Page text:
Project Greenlight Shines After 10 Year Hiatus

Sep 18, 2015 by Sarah Moffatt

It has been 10 years since season 3 aired, but season 4 of HBO’s documentary series Project Greenlight picked up where it left off with intrigue, drama and excitement – fitting for a documentary about how Hollywood films are made.

Executive producers Ben Affleck and Matt Damon set out once again to find the most talented undiscovered director in the nation to take the reins of a new HBO film. This competition/documentary show is nothing to scoff at; it has been a Hollywood career launchpad for both writers and directors alike. In the early 2000’s, Stolen Summer, The Battle of Shaker Heights, and Feast were all productions of Project Greenlight and starred name-brand actors like Amy Smart, Shia LaBeouf, and Eric Dane.

This season is trying something a little different by taking on a romantic comedy, with Pete and Bobby Farrelly – aka the Farrelly brothers (There’s Something About Mary, Dumb & Dumber ) – signed on as mentors to the chosen director and his production team.

Affleck and Damon hand-picked 10 finalists from all corners of the country from the pile of short film entries, who were all then given the exact same scene from the film they are vying to direct, titled Not Another Pretty Woman. To gauge each director’s skills, creative decision making, and tonal fit with the project, they were given $1,000 and a month to shoot the scene.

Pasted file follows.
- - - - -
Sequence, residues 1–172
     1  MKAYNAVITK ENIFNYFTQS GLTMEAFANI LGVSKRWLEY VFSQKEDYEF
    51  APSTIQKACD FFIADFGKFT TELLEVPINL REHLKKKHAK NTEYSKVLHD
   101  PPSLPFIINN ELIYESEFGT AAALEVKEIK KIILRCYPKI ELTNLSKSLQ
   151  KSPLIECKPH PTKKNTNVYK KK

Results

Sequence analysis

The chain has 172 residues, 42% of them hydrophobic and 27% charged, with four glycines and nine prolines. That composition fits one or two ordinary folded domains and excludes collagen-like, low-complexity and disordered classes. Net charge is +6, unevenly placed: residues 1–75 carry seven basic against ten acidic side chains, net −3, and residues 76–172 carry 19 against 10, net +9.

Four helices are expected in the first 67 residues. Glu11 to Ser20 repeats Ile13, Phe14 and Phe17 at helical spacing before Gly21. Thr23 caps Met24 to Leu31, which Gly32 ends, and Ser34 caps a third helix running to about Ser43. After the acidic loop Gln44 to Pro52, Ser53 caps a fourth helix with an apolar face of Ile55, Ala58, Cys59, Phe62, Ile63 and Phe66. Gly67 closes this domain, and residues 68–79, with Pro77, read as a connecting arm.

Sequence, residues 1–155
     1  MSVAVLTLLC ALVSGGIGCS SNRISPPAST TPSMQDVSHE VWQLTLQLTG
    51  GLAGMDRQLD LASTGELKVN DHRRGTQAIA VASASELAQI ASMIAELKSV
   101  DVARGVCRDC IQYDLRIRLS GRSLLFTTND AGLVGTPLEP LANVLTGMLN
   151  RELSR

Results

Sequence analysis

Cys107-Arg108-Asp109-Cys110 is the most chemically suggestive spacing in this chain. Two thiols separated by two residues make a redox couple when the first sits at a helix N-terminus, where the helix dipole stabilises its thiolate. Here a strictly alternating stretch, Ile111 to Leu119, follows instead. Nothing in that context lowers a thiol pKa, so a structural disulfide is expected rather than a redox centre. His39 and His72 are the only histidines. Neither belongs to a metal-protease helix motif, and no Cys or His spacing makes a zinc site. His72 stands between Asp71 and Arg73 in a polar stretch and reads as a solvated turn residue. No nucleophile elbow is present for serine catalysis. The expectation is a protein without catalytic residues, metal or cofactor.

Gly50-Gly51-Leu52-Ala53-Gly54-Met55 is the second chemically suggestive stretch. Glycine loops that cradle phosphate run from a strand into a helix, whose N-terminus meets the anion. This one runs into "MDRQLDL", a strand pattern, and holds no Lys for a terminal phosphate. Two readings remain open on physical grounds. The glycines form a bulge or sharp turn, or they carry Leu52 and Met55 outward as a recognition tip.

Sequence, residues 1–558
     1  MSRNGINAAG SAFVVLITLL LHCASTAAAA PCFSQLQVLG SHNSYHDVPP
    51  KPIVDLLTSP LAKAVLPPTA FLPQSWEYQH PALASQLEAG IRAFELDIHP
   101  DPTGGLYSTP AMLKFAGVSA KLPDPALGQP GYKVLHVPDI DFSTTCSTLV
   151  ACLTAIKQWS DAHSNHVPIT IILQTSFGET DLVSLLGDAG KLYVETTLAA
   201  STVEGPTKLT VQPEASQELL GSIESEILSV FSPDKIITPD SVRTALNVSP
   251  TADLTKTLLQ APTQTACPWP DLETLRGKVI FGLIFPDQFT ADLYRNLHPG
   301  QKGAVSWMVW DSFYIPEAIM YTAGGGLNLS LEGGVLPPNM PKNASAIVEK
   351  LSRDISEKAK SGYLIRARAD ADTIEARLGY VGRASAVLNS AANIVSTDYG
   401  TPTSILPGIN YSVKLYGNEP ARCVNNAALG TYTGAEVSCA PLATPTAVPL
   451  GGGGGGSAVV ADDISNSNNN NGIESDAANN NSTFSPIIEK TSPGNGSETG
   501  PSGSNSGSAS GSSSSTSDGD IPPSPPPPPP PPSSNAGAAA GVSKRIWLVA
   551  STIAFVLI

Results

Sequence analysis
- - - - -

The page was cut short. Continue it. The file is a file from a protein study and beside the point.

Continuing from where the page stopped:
The contestants were then flown to Los Angeles to meet Affleck, Damon and the Farrelly brothers, along with various producers and executives from HBO and Pearl Street Films (Affleck and Damon’s production company) and asked to discuss their 3 minute clip and their vision for the film. Most finalists were very humble but firm in their vision, but one contestant, Jason Mann, was rather cocky and put off by the script. He didn’t really show the hunger and desperation to land the job like the others, and was lukewarm on the script; his interview was basically one really long shrug.

This split the panel: on one hand, he was the most talented director and filmmaker there, but on the other, it was clear he was uninterested and would probably be difficult to work with. Against some of the panel’s wishes, Mann was announced as the winner.

Like clockwork, as soon as Affleck, Damon and Mann were off the announcement party stage, he ambushed the two actors to discuss a list of demands: He wanted to shoot the movie on film instead of digitally, and he wanted to fire the writer (season 1 winner Pete Jones) and replace him with the writer of Boys Don’t Cry, a tragic movie starring Hilary Swank as a transgender male in Nebraska. As one of the producers points out, that writer is not exactly known for comedic writing. Alas, the first of what is sure to be several creative disagreements.

Jason Mann was picked on the strength of his creative and ingeniously dark take on the material. It was unusual and intriguing and had the promise of being something truly unique to HBO. Despite the potential for drama and stubbornness, Affleck and Damon wanted to choose the best filmmaker out of the lot and, perhaps unfortunately, Mann was just that, and it looks like we’re in for a bumpy ride to the red carpet.

New episodes of Project Greenlight air Sundays at 10pm ET on HBO through November 1, and are available – along with the first two seasons – shortly after their premieres On Demand.

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